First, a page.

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Ryan DeRosa

Gravitational Waves and Cosmic Collisions: 5 Questions with Dr. Ryan DeRosa

  • By Raleigh McElvery
  • October 10, 2017
  • Comments Off on Gravitational Waves and Cosmic Collisions: 5 Questions with Dr. Ryan DeRosa

Meet Dr. Ryan DeRosa, one of the newest additions to our Astrophysics Science Division. His research is pretty out there, and we mean that literally since he aims to detect cosmic reverberations from billions of light-years away. He started out working on the massive, L-shaped gravitational wave detectors of the … Continue Reading →

FIgure 4

The freest of free-falls

  • By Ira Thorpe
  • June 8, 2016
  • Comments Off on The freest of free-falls

It’s hard to get used to the change of pace.  Scientists have been laboring for half a century to detect gravitational waves from astrophysical sources. In 1966, Joseph Weber published the first results from a device he had invented to detect gravitational waves. Weber would later famously claim to have … Continue Reading →

Diagram of Hulse/Taylor's binary system

We Knew That Already

The Advanced LIGO group announced the first direct detection of gravitational waves on February 11, 2016 – it was a momentous day for physics and astrophysics. But the way some news outlets have reported it, saying things like “this proves Einstein was right,” sounds a little bit off to me: … Continue Reading →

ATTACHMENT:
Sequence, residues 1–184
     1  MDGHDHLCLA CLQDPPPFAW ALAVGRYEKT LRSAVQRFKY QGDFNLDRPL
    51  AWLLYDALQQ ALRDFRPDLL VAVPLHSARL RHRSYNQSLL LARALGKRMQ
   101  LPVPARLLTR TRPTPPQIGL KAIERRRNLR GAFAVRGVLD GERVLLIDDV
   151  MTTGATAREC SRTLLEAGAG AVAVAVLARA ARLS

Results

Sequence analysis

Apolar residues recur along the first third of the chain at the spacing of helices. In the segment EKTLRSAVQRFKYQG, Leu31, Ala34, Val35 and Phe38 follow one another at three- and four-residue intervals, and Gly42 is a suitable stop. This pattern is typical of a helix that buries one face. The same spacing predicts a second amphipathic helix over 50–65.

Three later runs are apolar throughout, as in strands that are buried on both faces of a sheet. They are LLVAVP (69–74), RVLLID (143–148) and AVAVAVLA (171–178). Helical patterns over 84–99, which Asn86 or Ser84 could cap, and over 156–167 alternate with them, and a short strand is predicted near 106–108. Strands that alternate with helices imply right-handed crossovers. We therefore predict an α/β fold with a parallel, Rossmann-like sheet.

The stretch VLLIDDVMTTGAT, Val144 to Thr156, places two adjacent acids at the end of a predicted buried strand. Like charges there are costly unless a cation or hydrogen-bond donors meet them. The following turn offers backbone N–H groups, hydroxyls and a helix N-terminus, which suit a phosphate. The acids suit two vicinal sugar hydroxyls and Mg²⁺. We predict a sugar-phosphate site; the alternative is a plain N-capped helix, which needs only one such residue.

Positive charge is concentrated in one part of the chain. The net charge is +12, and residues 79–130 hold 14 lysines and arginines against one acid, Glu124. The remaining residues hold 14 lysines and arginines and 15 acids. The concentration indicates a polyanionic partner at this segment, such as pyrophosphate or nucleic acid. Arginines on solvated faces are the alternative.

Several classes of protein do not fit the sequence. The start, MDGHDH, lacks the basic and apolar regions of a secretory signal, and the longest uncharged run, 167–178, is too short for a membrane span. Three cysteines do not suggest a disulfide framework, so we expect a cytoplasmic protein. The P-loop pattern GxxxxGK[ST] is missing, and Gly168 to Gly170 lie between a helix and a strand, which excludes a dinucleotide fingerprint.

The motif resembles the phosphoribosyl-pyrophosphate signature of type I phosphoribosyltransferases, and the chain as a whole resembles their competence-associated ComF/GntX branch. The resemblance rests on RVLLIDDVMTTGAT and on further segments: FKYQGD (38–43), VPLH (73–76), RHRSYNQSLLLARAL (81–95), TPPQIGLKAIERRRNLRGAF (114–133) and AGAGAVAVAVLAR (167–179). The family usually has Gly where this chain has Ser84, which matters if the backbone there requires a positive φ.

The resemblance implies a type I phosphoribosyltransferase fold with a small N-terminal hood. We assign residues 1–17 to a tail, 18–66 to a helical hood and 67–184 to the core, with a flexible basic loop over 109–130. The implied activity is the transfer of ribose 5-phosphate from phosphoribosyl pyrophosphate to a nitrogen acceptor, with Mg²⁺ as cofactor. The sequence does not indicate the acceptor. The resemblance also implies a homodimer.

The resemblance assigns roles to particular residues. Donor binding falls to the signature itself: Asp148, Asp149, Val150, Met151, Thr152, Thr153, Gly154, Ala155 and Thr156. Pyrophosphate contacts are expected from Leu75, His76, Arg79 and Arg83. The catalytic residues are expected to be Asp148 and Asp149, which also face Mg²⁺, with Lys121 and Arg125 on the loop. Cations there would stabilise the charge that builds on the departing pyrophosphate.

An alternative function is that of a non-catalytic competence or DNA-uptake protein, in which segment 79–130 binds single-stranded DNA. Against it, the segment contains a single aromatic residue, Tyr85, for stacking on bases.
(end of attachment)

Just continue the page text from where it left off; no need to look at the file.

Test Masses

Release the beasts!

  • By Ira Thorpe
  • February 29, 2016
  • Comments Off on Release the beasts!

Captain A. G. Lamplugh, a British pilot from the early days of aviation once famously said “Aviation in itself is not inherently dangerous. But to an even greater degree than the sea, it is terribly unforgiving of any carelessness, incapacity or neglect.” Space flight is less forgiving still. A single … Continue Reading →

Of the Unicorn

Chasing Unicorns

Although the incident happened nearly ten years ago, I still remember it clearly.  I was a newly-minted NASA scientist and was attending a workshop about future space-based scientific facilities. At a coffee break I started chatting with some other young scientists, one of whom asked what I worked on. I … Continue Reading →

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